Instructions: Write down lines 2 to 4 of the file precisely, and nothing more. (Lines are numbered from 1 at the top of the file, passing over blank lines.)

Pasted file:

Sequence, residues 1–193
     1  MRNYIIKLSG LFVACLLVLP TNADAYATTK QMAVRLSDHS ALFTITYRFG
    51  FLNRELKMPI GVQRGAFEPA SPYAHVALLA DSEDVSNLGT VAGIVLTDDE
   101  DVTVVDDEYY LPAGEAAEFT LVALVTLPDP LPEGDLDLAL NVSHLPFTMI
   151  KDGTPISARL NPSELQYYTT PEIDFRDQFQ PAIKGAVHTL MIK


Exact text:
     1  MRNYIIKLSG LFVACLLVLP TNADAYATTK QMAVRLSDHS ALFTITYRFG
    51  FLNRELKMPI GVQRGAFEPA SPYAHVALLA DSEDVSNLGT VAGIVLTDDE
   101  DVTVVDDEYY LPAGEAAEFT LVALVTLPDP LPEGDLDLAL NVSHLPFTMI